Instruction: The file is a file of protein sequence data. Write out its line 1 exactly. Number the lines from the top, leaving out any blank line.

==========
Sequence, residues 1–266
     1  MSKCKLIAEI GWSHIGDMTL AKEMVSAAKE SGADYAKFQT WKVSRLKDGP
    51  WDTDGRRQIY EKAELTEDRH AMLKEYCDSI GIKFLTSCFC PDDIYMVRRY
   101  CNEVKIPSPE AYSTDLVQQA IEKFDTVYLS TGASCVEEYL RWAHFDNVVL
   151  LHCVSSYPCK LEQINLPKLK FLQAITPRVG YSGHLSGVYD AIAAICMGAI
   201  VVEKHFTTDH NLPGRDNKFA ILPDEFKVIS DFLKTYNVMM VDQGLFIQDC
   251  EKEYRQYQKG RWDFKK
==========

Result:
Sequence, residues 1–266